THE WHITE HOUSE
Office of the Press Secretary (New York, New York) ________________________________________________________________________ For Immediate Release July 25, 1996
PRESS BRIEFING BY CHIEF OF STAFF LEON PANETTA, DIRECTOR OF GOVERNMENT AND PUBLIC AFFAIRS OF NTSB PETER GOELZ, FAA ADMINISTRATOR DAVID HINSON, SECRETARY OF TRANSPORTATION FEDERICO PENA
Holiday Inn at JFK Airport New York, New York
2:55 P.M. EDT
MR. PANETTA: Good afternoon. What I would like to do is to summarize very briefly the President's meetings that he had today, and then introduce Peter Goelz, who will speak specifically to the meeting with the families; then ask Secretary Pena as well as David Hinson from the FAA to speak to the additional security measures that the President announced today.
First of all, the President went to a briefing that lasted approximately a half hour on the issues related to the Flight 800 incident. He met with officials from the Transportation Safety Board. He also met with members from the FBI, those directing the FBI investigation; members of the Coast Guard; obviously, other federal, state and local officials, including both Senators, the Governor, Mayor Giuliani, and congressmen who were also present as well that represent the area where the accident took place -- or the event took place.
The discussion included the recovery efforts, talking about the recovery efforts, talked about the state of the investigation, discussed the situation related to the families and the various efforts being made to try to deal with the family situation. And, in addition, we requested that all resources that were necessary would be made available to both the Navy, the Coast Guard, as well as to local officials to ensure that we do, A, find out what the cause of this accident was -- again, the cause of the crash -- but beyond that, also asked what could be done to try to better service the families.
The President then went to the Ramada Inn where he spoke to the families. He began with approximately a half hour of remarks. Those remarks, the reason they lasted that long was because they were interpreted both by a French interpreter and an Italian interpreter for those families from those countries that were affected.
He basically began by expressing condolences on the part of himself and Hillary, as well as the United States to those families from abroad. He assured them that the first priority was the recovery of their loved ones and the identification of their loved ones; that, while a good job had been done with regards to the search efforts and with regards to the investigative effort, that not a good job was done with regards to communicating with the families. And as a consequence, it was extremely important that our first priority be to ensure that the families are informed first and foremost of any news regarding the cause of the crash.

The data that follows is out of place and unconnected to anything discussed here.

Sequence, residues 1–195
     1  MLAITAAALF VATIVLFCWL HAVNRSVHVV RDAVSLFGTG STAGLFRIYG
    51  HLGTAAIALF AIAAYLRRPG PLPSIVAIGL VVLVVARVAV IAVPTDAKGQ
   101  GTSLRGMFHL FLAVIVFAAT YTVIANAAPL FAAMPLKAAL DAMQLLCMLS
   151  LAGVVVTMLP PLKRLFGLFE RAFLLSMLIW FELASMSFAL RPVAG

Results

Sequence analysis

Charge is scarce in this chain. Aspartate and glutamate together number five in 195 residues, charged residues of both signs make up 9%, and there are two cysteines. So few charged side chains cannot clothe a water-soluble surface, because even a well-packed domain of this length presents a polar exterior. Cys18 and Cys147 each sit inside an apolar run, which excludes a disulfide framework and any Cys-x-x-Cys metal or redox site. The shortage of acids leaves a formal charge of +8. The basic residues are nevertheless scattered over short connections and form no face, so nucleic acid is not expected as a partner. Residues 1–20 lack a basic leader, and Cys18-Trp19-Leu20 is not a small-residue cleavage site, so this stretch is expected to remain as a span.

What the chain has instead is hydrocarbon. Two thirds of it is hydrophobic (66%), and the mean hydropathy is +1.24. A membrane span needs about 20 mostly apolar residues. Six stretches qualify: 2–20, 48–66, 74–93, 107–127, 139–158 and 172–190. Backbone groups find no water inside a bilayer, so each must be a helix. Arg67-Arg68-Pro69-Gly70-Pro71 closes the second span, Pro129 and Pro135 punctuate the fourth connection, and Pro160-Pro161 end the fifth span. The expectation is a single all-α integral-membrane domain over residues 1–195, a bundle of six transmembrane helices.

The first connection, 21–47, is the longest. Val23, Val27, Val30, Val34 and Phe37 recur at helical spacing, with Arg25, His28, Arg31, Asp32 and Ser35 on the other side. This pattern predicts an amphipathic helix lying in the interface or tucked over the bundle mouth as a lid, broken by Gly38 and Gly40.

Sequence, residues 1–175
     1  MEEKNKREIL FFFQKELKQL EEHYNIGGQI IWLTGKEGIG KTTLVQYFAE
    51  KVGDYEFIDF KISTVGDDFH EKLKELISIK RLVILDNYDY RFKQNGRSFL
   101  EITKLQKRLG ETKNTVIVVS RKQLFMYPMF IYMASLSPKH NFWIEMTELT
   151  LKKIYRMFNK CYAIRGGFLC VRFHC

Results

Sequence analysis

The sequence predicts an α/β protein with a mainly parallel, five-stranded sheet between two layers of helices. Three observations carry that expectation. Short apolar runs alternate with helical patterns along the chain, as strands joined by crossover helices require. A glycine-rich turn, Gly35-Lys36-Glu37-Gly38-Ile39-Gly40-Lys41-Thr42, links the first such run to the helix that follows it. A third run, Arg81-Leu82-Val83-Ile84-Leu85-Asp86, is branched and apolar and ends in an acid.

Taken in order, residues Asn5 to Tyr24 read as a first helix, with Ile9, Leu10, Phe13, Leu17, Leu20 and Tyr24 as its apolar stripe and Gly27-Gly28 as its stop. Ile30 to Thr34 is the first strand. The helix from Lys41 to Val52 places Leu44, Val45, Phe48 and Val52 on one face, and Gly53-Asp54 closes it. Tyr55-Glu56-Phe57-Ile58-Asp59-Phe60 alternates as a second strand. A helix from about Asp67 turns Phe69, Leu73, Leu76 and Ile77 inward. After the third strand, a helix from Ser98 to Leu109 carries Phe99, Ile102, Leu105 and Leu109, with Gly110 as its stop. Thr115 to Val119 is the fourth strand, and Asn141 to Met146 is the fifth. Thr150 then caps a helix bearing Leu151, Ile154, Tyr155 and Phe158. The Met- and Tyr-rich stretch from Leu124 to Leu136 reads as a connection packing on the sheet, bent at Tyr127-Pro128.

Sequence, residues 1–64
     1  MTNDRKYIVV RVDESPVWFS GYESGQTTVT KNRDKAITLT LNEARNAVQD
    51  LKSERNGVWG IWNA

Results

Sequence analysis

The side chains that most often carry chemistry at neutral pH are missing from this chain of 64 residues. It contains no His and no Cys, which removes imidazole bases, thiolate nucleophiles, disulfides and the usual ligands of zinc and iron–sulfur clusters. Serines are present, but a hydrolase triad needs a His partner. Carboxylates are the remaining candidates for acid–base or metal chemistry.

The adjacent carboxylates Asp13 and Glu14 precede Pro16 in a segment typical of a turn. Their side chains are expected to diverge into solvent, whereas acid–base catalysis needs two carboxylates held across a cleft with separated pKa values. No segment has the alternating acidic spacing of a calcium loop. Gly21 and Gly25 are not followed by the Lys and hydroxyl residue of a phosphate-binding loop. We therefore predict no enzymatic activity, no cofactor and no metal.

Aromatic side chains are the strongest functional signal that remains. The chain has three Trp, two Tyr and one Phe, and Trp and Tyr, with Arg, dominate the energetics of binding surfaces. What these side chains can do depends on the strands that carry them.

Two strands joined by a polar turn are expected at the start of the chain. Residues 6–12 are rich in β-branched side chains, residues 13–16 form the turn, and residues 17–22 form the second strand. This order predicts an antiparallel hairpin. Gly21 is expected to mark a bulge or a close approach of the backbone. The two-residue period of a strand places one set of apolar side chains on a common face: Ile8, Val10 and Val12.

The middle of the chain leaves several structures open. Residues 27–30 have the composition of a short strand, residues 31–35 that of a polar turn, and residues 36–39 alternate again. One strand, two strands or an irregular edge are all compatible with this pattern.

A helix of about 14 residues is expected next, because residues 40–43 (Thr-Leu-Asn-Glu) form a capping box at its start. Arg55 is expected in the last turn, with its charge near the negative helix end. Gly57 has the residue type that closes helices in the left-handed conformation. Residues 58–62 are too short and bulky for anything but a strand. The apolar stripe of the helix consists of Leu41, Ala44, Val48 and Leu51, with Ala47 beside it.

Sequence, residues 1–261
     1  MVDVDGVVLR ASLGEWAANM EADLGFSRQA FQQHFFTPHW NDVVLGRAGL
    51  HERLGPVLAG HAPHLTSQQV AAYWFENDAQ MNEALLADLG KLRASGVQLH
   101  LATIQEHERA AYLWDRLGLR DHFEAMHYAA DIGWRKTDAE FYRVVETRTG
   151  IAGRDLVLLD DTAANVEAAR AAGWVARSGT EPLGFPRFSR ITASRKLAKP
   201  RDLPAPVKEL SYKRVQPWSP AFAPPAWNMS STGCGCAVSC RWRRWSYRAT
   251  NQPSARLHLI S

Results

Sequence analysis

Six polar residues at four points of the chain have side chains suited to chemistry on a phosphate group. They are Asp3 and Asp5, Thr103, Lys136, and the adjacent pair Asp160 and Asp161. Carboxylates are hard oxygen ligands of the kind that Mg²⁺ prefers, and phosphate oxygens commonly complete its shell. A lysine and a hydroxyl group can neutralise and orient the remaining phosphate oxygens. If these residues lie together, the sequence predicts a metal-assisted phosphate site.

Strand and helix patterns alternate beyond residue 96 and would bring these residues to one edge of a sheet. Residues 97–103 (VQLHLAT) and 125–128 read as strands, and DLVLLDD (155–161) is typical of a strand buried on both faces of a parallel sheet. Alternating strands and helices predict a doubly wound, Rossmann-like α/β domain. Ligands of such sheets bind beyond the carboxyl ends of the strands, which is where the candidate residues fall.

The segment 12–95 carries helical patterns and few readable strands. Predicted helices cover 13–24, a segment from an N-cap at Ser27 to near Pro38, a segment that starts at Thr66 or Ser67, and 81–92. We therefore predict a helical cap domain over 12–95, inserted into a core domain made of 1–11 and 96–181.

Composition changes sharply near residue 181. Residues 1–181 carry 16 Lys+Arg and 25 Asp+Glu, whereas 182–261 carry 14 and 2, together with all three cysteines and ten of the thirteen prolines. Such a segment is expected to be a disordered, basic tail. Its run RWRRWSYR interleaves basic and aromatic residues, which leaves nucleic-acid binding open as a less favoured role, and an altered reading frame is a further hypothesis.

In addition to that, he made clear that James Lee Witt would be assigned -- James Lee Witt who is the Director of the Federal Emergency Management Agency -- would be assigned the responsibility of working with the families, working with the National Transportation Safety Board officials, the Red Cross and other officials, state and local, to try and coordinate the effort to provide that information to the families, as well as provide whatever necessary support needed to be provided for the families.
He then closed by asking that Hillary and he have the opportunity to be able to meet individually with each of the family members to hear their concerns, and to be able to express their condolences personally to each of them, which he did for approximately two hours.
Let me just conclude by saying we have announced specific steps, as you know, to better coordinate the information related to this investigation. All coordinated information will be done through Bob Francis, who is head of the National Transportation Safety Board, who is the person responsible for the investigation under the National Transportation Safety Board here. They will have two briefings each day. All information is to be coordinated through those briefings of all of the agencies, both federal, state and local that are involved.